Saluda Hydroelectric Project, Richland, Saluda, Lexington, Newberry, and Union Counties:  South Carolina Electric and Gas (SCE&G) applied to the Federal Energy Regulatory Commission (FERC) for a new license to operate its hydroelectric plant on Lake Murray. As part of the Section 106 consultation process, SCE&G worked with the SHPO, FERC, Catawba Indian Nation, and other interested parties to identify historic properties in the project area. Consultation led to a year-long excavation of the Tree House Site, one of the oldest human occupations in the Southeast, a permanent exhibit at Saluda Shoals Park, and an online booklet on the history of Lake Murray Dam and the Tree House Site ("Documenting 13,000 Years of Human Occupation Along the Saluda River").
SCE&G also produced online booklets for two earlier hydroelectric projects at Stevens Creek ("Stevens Creek Hydroelectric Project: Significant Historic and Archaeological Resources") and Neal Shoals ("Neal Shoals Hydroelectric Project: Significant Historic and Archaeological Resources") (multiple counties). Archaeological investigations conducted within the FERC relicensing project area of these two SCE&G facilities resulted in the recording of numerous prehistoric and historic sites which provide valuable information about past lifeways.

Inland Rice Fields, Charleston County:  The SC Department of Transportation and Charleston County’s RoadWise program identified several historic inland rice fields during road planning in Charleston County. These inland rice fields date back to the early eighteenth century and reflect the beginnings of South Carolina’s profitable rice plantations. Mitigation for impacts to these inland rice fields include professional photography, the development of a historic context/Multiple Property Submission (PDF, 9.4 MB) for inland rice fields, lectures at local libraries and historical sites, an informative website, and the production of several YouTube videos on the inland rice fields (Show 24, RoadWise Preserves History: Inland Rice Fields: Part 1, Part 2, Part 3, Part 4).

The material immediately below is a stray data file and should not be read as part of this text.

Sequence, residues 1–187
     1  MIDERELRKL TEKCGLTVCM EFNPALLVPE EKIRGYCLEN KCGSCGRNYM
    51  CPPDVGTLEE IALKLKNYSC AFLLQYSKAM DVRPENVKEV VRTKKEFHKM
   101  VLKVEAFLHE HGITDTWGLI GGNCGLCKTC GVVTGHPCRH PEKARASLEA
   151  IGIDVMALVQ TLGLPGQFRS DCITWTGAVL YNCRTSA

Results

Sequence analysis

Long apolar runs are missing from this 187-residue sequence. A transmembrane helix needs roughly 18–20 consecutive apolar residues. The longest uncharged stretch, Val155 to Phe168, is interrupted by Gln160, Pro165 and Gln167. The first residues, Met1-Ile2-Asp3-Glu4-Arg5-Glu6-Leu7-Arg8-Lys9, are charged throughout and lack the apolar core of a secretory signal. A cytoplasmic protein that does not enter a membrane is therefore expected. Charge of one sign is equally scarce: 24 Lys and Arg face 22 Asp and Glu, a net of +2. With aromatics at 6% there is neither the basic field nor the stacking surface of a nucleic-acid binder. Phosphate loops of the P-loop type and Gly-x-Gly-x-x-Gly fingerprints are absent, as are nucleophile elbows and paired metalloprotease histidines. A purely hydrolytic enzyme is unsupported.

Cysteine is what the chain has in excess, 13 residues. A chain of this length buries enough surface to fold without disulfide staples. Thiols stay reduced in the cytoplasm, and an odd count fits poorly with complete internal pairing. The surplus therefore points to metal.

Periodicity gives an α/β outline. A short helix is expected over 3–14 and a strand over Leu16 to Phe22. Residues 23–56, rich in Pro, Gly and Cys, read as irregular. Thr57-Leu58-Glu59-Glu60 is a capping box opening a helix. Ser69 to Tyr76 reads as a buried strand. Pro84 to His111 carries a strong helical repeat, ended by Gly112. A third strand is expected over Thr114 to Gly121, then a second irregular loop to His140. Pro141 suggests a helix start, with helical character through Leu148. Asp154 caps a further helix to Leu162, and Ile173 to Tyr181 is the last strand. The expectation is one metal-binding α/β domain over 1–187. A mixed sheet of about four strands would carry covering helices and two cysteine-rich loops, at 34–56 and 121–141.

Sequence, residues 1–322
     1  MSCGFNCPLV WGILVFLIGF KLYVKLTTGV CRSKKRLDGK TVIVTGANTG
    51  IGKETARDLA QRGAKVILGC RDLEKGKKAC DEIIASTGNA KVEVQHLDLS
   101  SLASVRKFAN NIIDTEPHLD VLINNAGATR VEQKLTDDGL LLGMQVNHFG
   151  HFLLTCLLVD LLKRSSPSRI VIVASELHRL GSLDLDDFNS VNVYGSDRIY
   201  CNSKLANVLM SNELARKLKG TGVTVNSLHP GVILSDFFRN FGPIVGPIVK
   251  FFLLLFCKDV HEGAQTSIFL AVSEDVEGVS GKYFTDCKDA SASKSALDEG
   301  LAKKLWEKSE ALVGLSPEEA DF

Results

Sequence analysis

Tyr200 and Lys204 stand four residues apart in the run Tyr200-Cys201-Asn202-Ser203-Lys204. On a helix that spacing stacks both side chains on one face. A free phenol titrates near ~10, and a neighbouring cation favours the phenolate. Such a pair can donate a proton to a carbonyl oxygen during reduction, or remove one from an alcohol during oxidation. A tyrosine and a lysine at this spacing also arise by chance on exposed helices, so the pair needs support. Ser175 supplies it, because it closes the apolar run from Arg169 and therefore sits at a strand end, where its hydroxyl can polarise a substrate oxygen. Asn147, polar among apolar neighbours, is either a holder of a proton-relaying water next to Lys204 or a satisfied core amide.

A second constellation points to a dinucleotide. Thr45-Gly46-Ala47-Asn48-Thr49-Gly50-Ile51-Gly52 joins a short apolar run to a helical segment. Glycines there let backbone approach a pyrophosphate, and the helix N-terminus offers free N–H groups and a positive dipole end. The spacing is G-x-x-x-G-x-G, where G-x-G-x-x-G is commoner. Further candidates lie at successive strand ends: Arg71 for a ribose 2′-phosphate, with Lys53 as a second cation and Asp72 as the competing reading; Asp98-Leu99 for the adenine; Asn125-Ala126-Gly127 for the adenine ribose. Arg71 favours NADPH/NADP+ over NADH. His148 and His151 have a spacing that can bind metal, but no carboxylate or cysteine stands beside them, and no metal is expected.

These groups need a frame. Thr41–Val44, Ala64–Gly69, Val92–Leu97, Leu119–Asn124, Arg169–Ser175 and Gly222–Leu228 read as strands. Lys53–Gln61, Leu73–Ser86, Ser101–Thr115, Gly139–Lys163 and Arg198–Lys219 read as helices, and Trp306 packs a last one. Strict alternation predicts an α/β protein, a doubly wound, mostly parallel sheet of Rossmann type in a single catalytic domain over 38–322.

Coosaw Rivers Estates Tract, Ladys Island, Beaufort County U.S. Army Corps of Engineers and DHEC-OCRM permitting for a proposed residential development at the Coosaw River Estates tract required archaeological and historical investigations. The Memorandum of Agreement (MOA) developed to resolve adverse effects included a public education component brochure (PDF) for the tract that detailed the information gathered from historic documents with the artifacts recovered from archaeological excavations.